The Quail Motorcycle Gathering always feels special. The amazing selection of bikes, the beautiful setting, and the great food always make this gathering feel different from other motorcycle events. But this year was special for me for a couple of different reasons.
First, this is the start of my fifth year with Asphalt & Rubber. Back in 2015, Jensen and I ran into each other at MotoGP in Austin, and in one of those serendipitous moments, my motorcycle journalism adventure began. The 2015 Quail was the first event I covered for A&R and number five was no less special. Thanks, Jensen!
Second, this year’s Quail celebrated the 50th anniversary of the Honda CB750. This bike has a very special place in my heart, so let me elaborate. When I was nine-years-old, my parents were going through a pretty bad divorce, so I was shipped off for awhile to live with my Grandmother in Miami, Florida.
One day, my Grandmother had a medical appointment in Miami at a doctor’s office that happened to be next to a Honda dealer. I asked my Grandma if I could walk next door to look at the bikes and the rest is history.
I walked into the dealership and was gob smacked by the sensations. The gleaming metal, the smell of rubber and gasoline, and the sense of speed were overwhelming for this nine-year-old. But of all the bikes in the showroom, the one that stood out to me was the CB750F. Four cylinders, sporty looks, and an overall feel of speed that made my heart race.
As I was standing there ogling the amazing machine, the owner of the dealership struck up a conversation with me about the bike, told me about how riding would change my life, and even let me sit on this chariot of dreams. I was hooked!
I was going through a pretty rough time, so the idea of a machine that could take me away from reality for a bit was fascinating.
As we ended our conversation, the owner gave me a brochure for the CB750 that I treasured for years, reading the advertiser’s words over and over, while memorizing the specifications. That bike truly started my addiction to motorcycles and has led to lifetime of adventures.
Since the CB750 was the bike that got me hooked on riding, the exhibit at the Quail that highlighted and honored my dream bike was especially enjoyable. There were numerous examples of this ground breaking machine, all of which adeptly showed off the attributes of the game changing Honda.
Besides the 50th anniversary of the venerable Honda, this year’s Quail also paid homage to the 100th anniversary of the Brough Superior. With many superb examples of the machine on display, six of which belonged to Bryan Bossier of Louisiana, it was a virtual smorgasbord for vintage bike aficionados.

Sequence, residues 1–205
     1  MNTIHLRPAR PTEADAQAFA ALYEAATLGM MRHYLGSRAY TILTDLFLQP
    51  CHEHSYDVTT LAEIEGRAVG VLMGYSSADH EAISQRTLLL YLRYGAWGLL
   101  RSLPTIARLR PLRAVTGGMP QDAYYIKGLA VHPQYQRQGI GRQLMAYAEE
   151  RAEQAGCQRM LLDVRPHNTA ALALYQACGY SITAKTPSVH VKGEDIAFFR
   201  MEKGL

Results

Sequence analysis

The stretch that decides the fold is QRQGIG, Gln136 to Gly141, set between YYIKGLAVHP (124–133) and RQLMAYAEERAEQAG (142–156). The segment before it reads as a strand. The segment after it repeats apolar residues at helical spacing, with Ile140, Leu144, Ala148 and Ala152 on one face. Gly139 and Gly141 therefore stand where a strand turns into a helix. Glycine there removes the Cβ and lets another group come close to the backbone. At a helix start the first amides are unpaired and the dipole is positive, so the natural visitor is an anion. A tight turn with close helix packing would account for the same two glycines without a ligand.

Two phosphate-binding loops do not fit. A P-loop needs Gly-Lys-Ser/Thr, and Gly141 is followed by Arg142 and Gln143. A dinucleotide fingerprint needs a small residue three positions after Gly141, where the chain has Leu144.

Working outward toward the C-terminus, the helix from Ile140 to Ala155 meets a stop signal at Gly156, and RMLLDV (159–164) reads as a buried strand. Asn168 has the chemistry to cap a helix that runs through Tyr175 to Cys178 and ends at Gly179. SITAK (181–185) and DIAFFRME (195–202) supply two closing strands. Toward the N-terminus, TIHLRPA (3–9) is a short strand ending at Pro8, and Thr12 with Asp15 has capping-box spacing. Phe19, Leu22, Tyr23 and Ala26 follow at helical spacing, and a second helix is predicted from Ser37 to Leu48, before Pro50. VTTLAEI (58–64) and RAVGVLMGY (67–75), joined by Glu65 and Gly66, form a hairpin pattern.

The fact that some of the machines on display had successfully completed the Motorcycle Cannonball, made them that much more astounding.
For many, motorcycles are the main reason why we go to the Quail, but the people behind the motorcycles are also a fascinating part of the experience, and this year’s event was no different. Legendary rider, racer, and industry icon, Malcolm Smith was honored at this year’s event and was presented with the AMA Dud Perkins Lifetime Achievement Award.
Smith’s stellar career includes six victories at the Baja 1000, four victories in the Baja 500 and eight gold medals in the International Six Day Trial, among many others. In addition to his success as a racer, Smith has become an ambassador for motorcycling in film, most famously as a co-star alongside legendary actor Steve McQueen in 1972’s “On Any Sunday”.
Though advanced in years, Smith’s wit was still evident during his interview on-stage with fellow motorcycle legend, Mert Lawwill, and interviewer and Quail founder, Gordon McCall. Smith told the story of how he was recruited by Motorcycle Hall of Famer, Edison Dye to race Husqvarna motorcycles in the early 1960s.
Smith replied to the advance wryly, “I race Greeves; they’re so much better.” He then went on to say, “look at that little flimsy frame on the Husqvarna. My Greeves has an aluminum frame. It’s so much better!”
But, the proof was in the riding, and after taking the Husky for spin Smith said, “this bike is like cheating.” But always remaining humble about his accomplishments, Smith went on to say, “it wasn’t me, it was the bike” to which Gordon McCall replied, “no one’s buying that Malcolm.”
Smith’s stories were inspiring, as was his humility. Listening to Malcolm Smith’s stories was truly a treat.
In addition to honoring an Icon from the past, the Quail looked forward to the motorcycling demographic of the future; women. Women riders are the fastest growing demographic in the industry and the Quail highlighted that fact with a fireside chat hosted by Ginger Damon of women’s motorcycle apparel maker Gigi Montrose.